During the glorious Shabbat Nachamu 5777, when Rav Shlomo Amar joined us at Congregation Shaarei Orah, the Sephardic Congregation of Teaneck, I had the opportunity to discuss a wide variety of halachic issues with him. Among the issues we discussed was the necessity of a Sephardic couple using the Sephardic text for their ketuba.
A leading American Sephardic rav had told me that the only crucial difference between an Ashkenazic and Sephardic ketuba is the term “mi’d’Oraita” (from the Torah) which appears in an Ashkenazic ketuba for a bride’s first marriage and should not appear in a Sephardic ketuba (Teshuvot Yabia Omer 3 Even HaEzer 12). Ashkenazic Jews since the time of the Rishonim have incorporated the word mi’d’Oraita in their ketubot describing the base amount (ikar ketuba) due to the bride from the Torah.
Ashkenazic Rishonim such as Tosafot (Ketubot 10a s.v. Amar Rav Nachman) and the Rosh (Ketubot 1:19) have struggled to explain this phenomenon in light of the Gemara (Yevamot 89a, Ketubot 10a and 11a) that explicitly states that the ketuba is a rabbinic enactment designed and intended to prevent impulsive divorce. Rabbeinu Tam explains that Ashkenazim follow the opinion of Rabban Shimon ben Gamliel who argues that the ketuba is of Torah origin (Ketubot 110b). The Rosh explains that the phrase “d’chazi lichi mi’d’Oraita” (that the Torah entitles you) refers to the value of the coins to be used in case of collection of the ketuba. It is teaching that the payment must be made in higher-value coins (i.e., kesef tzuri and not kesef medina) used in payment of Torah-level obligations (such as pidyon haben).
Hacham Ovadia, on the other hand, insisted that however the Ashkenazim explain their usage of the term mi’d’Oraita in the ketuba, the Sephardim Rishonim such as the Ramban did not include this word in the ketuba. Thus, Hacham Ovadia insists that the word mi’d’Oraita has no place in the ketuba text of a Sephardic couple. Accordingly, the American Sephardic rabbi told me that as long as the word mi’d’Oraita is removed, the remainder of the Ashkenazic ketuba is acceptable for Sephardic Jews. There are also significant differences in the spellings of names and transliteration of foreign words such as the location of the wedding (if it occurs outside of Israel). In addition, the Sephardic custom is for the chatan to sign the ketubahin addition to the witnesses.
I presented this insight to Rav Amar, who strongly disagreed. He noted three additional reasons why a full Sephardic text is necessary for a Sephardic couple. First, a Sephardic text includes, toward the beginning, the phrase “anan sahadi,” we are witnesses, a phrase that does not appear in the Ashkenazic version. Rav Amar notes that the Sephardic text is much more reasonable, noting that the witnesses are the “voice of the ketuba.” The ketuba in essence is the witnesses’ account of how they witnessed the groom accept with a kinyan the obligations set forth in the ketuba. In order to indicate this, the ketuba should state “anan sahadi” toward the outset of the document.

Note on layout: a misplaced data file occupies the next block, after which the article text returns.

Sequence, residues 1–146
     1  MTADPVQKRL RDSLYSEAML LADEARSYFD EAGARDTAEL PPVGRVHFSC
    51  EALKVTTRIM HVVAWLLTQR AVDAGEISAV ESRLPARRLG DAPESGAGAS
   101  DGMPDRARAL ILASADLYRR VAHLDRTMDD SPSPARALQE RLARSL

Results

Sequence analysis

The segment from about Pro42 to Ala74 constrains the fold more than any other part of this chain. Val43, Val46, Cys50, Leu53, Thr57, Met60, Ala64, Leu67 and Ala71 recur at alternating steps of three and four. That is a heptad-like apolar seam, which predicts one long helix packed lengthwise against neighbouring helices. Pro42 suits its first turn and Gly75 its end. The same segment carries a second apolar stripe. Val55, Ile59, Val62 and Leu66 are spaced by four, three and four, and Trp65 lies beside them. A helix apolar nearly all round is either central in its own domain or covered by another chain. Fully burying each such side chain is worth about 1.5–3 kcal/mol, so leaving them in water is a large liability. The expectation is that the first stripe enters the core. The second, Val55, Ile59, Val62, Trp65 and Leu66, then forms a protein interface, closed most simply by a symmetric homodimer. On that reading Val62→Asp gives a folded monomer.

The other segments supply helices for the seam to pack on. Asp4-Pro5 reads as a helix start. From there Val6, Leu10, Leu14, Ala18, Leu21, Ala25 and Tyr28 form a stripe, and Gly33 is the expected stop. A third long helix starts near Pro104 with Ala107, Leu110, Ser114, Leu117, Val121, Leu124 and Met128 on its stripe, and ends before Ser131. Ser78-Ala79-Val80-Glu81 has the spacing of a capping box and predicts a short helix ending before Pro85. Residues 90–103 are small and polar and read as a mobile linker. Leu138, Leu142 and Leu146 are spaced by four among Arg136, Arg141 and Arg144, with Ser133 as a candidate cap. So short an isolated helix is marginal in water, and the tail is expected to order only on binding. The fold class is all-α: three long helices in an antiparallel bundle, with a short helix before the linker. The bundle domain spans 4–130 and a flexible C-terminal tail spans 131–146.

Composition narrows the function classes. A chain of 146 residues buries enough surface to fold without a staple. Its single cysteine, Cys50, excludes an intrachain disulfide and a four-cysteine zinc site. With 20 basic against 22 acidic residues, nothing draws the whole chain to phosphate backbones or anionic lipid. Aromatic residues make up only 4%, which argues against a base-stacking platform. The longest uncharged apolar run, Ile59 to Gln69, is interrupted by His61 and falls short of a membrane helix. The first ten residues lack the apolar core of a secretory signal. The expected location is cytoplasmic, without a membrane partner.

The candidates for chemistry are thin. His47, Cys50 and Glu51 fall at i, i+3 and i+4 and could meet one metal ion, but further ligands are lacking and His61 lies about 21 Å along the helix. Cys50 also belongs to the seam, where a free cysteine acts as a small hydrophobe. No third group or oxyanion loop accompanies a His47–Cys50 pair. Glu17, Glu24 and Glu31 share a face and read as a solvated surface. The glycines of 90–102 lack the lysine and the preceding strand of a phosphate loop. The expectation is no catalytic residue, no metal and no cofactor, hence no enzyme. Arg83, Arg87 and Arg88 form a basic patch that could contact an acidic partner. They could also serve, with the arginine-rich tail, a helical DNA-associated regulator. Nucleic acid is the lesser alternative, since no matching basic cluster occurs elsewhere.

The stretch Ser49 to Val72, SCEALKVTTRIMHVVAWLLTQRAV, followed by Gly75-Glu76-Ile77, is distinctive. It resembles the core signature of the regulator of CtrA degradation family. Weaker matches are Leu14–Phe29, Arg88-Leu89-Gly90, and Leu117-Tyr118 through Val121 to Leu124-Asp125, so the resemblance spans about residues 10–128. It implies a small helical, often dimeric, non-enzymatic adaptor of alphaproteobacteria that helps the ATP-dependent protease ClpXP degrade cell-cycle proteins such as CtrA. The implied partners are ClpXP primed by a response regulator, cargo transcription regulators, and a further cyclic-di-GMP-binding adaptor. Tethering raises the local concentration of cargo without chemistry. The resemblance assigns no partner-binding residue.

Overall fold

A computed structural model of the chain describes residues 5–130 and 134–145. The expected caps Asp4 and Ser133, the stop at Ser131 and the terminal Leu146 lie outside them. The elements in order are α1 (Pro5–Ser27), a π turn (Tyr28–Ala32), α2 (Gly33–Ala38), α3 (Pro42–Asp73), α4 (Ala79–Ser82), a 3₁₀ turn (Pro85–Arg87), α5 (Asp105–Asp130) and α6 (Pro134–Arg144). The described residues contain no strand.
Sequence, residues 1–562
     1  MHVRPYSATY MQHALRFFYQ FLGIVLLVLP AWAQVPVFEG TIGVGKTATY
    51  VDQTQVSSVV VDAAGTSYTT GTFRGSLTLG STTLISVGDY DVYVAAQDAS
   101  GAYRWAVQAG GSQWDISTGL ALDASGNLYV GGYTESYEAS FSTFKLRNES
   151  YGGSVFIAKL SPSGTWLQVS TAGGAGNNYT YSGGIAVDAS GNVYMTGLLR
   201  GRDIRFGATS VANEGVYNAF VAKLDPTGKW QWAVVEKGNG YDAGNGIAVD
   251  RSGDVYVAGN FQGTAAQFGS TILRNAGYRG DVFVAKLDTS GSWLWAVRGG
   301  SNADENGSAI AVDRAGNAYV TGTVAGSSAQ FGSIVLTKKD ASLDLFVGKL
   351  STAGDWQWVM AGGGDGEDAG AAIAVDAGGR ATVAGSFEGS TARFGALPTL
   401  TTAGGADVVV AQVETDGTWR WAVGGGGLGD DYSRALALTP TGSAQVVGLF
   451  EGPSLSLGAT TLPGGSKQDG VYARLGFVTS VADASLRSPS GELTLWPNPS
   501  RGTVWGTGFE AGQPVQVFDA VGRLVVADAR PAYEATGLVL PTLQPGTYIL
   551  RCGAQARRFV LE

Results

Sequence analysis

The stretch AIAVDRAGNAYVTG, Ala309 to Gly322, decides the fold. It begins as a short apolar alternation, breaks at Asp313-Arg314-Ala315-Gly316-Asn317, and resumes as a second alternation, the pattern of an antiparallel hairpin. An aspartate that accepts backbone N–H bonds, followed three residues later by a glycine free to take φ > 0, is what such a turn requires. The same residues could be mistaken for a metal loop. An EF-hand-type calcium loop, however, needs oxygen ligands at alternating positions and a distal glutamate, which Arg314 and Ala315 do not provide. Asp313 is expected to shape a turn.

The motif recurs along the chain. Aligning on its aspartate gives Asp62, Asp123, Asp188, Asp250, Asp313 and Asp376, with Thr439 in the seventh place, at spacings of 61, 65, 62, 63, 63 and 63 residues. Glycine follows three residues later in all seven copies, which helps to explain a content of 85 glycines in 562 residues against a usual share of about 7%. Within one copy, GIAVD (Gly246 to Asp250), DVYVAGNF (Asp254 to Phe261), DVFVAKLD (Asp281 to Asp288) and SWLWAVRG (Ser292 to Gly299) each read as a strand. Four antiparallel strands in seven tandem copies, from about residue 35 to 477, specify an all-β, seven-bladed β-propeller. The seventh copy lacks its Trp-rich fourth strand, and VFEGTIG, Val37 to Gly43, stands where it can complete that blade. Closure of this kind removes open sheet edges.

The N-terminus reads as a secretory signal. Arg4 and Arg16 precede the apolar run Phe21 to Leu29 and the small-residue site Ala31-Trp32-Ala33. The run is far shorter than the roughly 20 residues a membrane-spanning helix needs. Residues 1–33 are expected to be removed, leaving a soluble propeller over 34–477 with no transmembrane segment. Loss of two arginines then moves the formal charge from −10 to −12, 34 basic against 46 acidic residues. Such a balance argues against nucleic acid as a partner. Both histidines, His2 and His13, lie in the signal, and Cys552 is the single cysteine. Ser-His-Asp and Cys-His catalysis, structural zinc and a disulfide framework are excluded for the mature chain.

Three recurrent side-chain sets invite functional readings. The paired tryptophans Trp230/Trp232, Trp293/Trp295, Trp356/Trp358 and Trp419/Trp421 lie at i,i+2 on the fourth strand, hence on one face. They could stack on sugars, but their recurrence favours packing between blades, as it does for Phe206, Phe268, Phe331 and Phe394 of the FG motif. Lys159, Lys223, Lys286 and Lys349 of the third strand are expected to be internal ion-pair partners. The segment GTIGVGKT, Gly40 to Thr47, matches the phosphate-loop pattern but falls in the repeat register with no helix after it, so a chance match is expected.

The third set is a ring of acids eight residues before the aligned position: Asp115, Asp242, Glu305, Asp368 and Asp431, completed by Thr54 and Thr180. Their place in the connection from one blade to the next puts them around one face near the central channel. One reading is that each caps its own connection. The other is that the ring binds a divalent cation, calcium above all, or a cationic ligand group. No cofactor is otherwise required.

A second advantage is the set amount mentioned in the Ashkenazic ketuba for the tosefet ketuba (added amount of the ketuba) and nedunya (bridal dowry) for a first marriage is 200 zekukim kesef. Rav Amar notes the wide range of opinions of the contemporary equivalents of this monetary sum (Rav Yonah Reiss summarizes the views at http://www.jlaw.com/Articles/KETUBAH.pdf).
By contrast, Sephardic ketubot do not have set amount for the tosefet ketuba and nedunya. Instead, each couple decides the amount using a realistic amount appropriate for them. I noted the prevalent problem of exaggerated amounts and heated arguments that emerge regarding the designated amount. Rav Amar responded that this is among the responsibilities of the officiating rabbi to guide the couple to use a reasonable amount. He noted that Hacham Ovadia typically would advise couples to use the amount of $52,000, which is a reasonable amount for an Israeli couple, and that the Hebrew word ben (son) is the numerical equivalent of 52.
A third advantage is based on the fact that, essentially, the cherem d’Rabbeinu Gershom, the 10th-century ban on polygamy, is not binding on Sephardim. Rav Ovadia Yosef (Teshuvot Yabia Omer 5: E.H. 1) notes that either Sephardim never accepted it or have accepted the opinion (presented as authoritative by Rav Yosef Karo in the Shulchan Aruch E.H. 1:10) that the cherem expired at the end of the fifth millennium from Creation (i.e., 1240 C.E.). Instead, Sephardim accept upon themselves in the ketuba not to marry more than one wife. Accordingly, if Sephardim utilize an Ashkenazic text, the husband has failed to accept upon himself the cherem!
Accordingly, Rav Amar insists that Sephardic Jews should use the Sephardic ketuba text rather than merely omitting the word mi’d’Oraita from the Ashkenazic text. We look forward to continuing, be’ezrat Hashem, in the coming weeks to present more of the rich and manifold lessons gleaned from Rav Amar during the wonderful weekend he recently spent in Teaneck.
By Rabbi Haim Jachter
Rabbi Haim Jachter is the spiritual leader of Congregation Shaarei Orah, the Sephardic Congregation of Teaneck. He also serves as a Rebbe at Torah Academy of Bergen County and a Dayan on the Beth Din of Elizabeth.